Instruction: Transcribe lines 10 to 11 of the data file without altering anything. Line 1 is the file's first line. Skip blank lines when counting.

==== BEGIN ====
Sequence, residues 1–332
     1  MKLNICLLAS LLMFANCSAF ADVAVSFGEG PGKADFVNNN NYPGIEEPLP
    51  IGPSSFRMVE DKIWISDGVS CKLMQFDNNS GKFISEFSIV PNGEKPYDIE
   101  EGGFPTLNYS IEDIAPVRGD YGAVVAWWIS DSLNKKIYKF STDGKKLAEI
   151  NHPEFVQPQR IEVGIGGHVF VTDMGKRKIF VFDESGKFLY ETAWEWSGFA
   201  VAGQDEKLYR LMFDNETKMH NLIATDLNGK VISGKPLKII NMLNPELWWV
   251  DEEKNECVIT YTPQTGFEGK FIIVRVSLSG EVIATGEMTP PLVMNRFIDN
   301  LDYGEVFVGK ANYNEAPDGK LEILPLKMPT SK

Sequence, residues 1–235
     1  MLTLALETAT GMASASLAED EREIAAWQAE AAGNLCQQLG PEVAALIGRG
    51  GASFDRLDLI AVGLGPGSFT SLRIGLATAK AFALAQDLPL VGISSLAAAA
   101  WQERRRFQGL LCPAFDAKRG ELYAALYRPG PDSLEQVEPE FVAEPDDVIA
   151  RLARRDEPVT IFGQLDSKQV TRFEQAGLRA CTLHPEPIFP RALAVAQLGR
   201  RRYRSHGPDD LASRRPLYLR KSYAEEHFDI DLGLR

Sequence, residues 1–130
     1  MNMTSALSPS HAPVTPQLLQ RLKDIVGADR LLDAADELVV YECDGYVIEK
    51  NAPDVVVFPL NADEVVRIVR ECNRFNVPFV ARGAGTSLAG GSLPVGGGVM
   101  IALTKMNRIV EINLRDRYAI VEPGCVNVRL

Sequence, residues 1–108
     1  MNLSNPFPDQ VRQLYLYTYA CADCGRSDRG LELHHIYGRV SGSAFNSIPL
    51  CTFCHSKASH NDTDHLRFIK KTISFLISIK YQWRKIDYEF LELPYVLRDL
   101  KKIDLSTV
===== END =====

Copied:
     1  MLTLALETAT GMASASLAED EREIAAWQAE AAGNLCQQLG PEVAALIGRG
    51  GASFDRLDLI AVGLGPGSFT SLRIGLATAK AFALAQDLPL VGISSLAAAA